"Obviously, Derek never returned to form after the injury, although he did have a couple of flashes of brilliance where we thought he was going to turn the corner. But while his offensive numbers were down, he was still a leader and got the ball into the hands of the right people and continued to do a solid job of running the offense.

"We need his offense to return this season to what he showed as a sophomore and for the rest of his game to continue to improve and take another jump," Few said.

Raivio averaged 2.8 assists per game last year, at first glance numbers that would appear to be sub-par. But his 1.89 assist-to-turnover ratio would dispute that, as would the supporting cast the Bulldogs had on what was an excellent passing team.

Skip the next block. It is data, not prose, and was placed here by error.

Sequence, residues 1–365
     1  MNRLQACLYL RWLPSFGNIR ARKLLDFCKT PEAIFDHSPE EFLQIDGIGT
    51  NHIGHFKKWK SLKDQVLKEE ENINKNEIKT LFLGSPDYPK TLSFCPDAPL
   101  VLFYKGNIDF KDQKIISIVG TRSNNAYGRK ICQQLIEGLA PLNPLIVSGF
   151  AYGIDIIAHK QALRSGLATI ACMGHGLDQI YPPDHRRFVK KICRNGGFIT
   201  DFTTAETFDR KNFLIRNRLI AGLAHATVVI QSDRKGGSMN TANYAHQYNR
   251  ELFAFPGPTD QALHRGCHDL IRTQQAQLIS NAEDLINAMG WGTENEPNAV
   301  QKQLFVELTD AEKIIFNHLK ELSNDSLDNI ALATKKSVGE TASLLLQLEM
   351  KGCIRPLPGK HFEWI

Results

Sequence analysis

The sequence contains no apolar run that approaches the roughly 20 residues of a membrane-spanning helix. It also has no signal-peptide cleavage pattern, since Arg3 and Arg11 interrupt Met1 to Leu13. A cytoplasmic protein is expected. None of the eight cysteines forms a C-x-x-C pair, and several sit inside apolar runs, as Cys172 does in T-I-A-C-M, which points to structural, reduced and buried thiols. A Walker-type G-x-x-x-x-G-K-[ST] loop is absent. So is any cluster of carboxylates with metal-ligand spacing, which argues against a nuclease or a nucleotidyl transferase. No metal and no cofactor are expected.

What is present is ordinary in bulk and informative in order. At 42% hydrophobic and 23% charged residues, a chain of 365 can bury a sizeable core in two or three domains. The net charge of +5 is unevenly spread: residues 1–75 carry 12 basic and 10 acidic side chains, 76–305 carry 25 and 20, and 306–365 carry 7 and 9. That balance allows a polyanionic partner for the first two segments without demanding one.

Junior Pierre Marie Altidor-Cespedes returns after making great strides last season. His offense doubled from 2.0 to 4.2 ppg as he continued to look to the basket much more than he did as a freshman when the coaching staff was constantly urging him to take the open shot, and he averaged 2.6 assists. His biggest shot last season was a 3-pointer from the right corner at the buzzer for a 75-72 home win over the University of San Francisco.

"You wouldn't think a staff would be ecstatic with 4.2 points-per-game from a player," Few said. "But we think Pierre made great strides offensively last season and we look for him to have even a bigger role in the offense this season."

Also out front the Bulldogs return sophomore guard Jeremy Pargo who averaged 17.1 minutes/game 2.0 assists as a true freshman and who the coaches believe has a great up side.